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The dynamic duo of Keith Gregg and Derek Bruton has split into solo acts -- with Bruton joining British roll-up arrivistes, Kingswood. But there's no hard feelings, say the pair.
January 21, 2020 — 7:52 PM by Oisin Breen
Brooke's Note: In the RIA business there is a giant built-in safety net for all of us -- high demand and low supply of people who can speak the language of this exploding RIA category. That net for RIA linguists comes with pillows if you have established a name for yourself as an executive at a well-known firm. But make no mistake. That soft landing is followed by a hard challenge. Once you start climbing up the ladder again, it's all work in a competitive business, and all those eyes are on you. So it is gutsy for Derek Bruton to take on this challenge -- and for Keith Gregg to go his own way again. Let's hope they exploit the niches they perceive and turn people's faith in them into a net gain for the RIA industry.
Former LPL Financial senior executive Derek Bruton now heads his own independent broker-dealer, after Kingswood Holdings bankrolled and spun off two subunits of Keith Gregg's start-up, Chalice Wealth Partners (CWP).
In late December, London-based Kingswood acquired an 85% stake in the brokerage and RIA arms of the San Diego-based outsourcer, and appointed Bruton, formerly Chalice president, as its new CEO.
Part of the marriage involved an amicable divorce.
Chalice founder Gregg, who brought Bruton aboard, remains CEO of the San Diego entity, now solely a services outsourcer for RIAs and IBDs. See: Two ex-LPL talents join Derek Bruton and Keith Gregg's Chalice start-up.
Kingswood did not respond to a request for comment, or reveal the extent to which it will make M&A funds available to Bruton.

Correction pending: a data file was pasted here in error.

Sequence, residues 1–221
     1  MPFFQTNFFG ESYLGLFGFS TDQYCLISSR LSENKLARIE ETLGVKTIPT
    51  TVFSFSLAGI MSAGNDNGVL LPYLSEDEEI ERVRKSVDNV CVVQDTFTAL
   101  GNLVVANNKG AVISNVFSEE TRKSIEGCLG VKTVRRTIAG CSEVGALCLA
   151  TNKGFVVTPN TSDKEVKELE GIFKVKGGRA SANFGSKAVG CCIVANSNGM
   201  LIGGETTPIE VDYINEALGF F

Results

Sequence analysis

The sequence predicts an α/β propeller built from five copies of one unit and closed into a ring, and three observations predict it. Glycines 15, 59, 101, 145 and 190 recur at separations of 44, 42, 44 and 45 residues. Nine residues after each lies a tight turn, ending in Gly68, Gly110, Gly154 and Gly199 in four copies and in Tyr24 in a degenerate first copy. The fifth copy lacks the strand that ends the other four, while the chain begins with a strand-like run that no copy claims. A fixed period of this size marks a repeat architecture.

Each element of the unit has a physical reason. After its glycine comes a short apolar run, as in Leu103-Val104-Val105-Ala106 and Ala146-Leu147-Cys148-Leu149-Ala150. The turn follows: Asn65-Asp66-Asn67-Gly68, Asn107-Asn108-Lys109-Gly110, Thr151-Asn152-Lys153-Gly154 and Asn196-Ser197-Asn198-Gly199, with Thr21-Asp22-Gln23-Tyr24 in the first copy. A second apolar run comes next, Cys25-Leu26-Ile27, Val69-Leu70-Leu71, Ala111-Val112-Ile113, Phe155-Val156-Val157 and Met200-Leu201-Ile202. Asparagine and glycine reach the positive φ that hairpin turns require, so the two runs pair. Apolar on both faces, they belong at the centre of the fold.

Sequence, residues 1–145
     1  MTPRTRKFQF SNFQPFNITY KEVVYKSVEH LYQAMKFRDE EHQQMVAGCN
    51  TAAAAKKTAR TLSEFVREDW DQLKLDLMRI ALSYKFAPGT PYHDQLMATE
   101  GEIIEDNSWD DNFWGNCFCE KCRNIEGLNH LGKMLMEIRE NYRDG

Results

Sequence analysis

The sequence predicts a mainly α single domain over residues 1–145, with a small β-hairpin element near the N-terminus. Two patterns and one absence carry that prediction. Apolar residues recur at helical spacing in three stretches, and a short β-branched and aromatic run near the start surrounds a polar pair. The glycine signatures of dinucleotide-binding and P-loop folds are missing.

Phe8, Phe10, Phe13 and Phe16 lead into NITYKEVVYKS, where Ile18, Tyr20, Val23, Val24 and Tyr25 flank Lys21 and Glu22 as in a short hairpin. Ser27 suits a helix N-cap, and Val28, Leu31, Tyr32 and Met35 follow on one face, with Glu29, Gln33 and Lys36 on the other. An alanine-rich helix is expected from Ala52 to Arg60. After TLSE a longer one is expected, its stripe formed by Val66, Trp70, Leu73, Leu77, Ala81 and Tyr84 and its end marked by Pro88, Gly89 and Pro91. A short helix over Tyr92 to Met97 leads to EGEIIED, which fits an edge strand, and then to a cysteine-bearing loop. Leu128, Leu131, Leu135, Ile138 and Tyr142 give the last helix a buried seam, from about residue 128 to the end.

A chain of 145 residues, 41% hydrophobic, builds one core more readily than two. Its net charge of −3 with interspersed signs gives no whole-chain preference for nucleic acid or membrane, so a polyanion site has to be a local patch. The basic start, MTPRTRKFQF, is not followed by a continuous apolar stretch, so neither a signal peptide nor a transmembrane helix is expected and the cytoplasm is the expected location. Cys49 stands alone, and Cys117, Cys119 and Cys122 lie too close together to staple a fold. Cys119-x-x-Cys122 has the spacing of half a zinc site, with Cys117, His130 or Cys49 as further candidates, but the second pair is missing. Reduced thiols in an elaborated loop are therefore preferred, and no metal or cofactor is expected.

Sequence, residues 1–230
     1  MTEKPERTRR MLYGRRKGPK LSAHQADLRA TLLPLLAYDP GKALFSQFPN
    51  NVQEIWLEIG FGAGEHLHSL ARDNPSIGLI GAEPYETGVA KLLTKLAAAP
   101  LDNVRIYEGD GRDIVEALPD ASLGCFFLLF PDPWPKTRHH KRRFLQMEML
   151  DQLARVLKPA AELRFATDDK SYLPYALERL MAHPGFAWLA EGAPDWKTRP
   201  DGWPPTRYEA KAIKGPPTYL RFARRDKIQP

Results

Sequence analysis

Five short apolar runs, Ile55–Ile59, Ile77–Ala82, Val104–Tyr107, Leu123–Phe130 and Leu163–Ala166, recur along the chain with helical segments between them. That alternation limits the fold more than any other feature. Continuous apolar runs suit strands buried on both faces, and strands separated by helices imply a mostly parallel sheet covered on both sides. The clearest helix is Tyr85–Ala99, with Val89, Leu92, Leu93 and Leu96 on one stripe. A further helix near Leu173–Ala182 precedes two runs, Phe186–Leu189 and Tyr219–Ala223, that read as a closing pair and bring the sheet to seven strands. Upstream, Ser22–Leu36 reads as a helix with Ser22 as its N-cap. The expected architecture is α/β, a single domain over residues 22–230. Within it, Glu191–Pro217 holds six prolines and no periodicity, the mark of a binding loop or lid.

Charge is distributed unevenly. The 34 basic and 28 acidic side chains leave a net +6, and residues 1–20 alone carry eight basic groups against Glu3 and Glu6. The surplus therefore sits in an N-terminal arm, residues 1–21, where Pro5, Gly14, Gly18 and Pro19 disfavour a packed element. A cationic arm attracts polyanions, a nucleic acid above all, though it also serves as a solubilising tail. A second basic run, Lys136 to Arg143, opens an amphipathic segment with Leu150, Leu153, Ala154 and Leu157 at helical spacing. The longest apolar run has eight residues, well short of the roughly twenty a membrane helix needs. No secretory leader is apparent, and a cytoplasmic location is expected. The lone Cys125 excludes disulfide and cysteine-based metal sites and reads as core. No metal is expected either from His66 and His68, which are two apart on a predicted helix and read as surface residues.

But Kingswood certainly expects to gain from the appointment of one-time LPL hotshot Bruton, who it hopes will prove a catalyst for attracting cash-starved but capable clusters of IBD reps and good quality IBD executives.
For its part, Kingswood could use fresh growth capital to hoover them up. See: With fresh eyes or false expectations, Kingswood Holdings sets sights on US.
Bruton is the man for the job, says Kingswood CEO Gary Wilder, in a release.
"Derek's experience and understanding of how to scale a business and source and manage superior talent will be instrumental." See: The Derek Bruton effect gets louder.
Bruton held prominent executive positions at Schwab, Merrill Lynch and TD Ameritrade. He spent just under seven years at Boston-based LPL as managing director for independent advisor services. During that time, he grew revenues by just over $1 billion. See: At the $50 billion mark, Derek Bruton discusses how LPL's hybrid unit became 'wildly successful'.
But there is risk in putting such a high-voltage, big-enterprise, big-name like Bruton atop the low-voltage holding of little-known Kingswood, says a skeptic who asked not to be named.
It's asking too much of a former rockstar who has been out of the big game for a while, the source says.
Bruton's Post-LPL career has consisted of shorter stints at smaller enterprises and just under two years at old-line broker-dealer Oppenheimer & Co. See: Derek Bruton joins forces with Ray Lucia Jr. in San Diego to execute national RIA hybrid plan.
The difference now is that Bruton has the chance to leverage his personal brand in a brokerage realm he knows -- and where he is known, says Louis Diamond, principal of Diamond Consulting in New York, via email.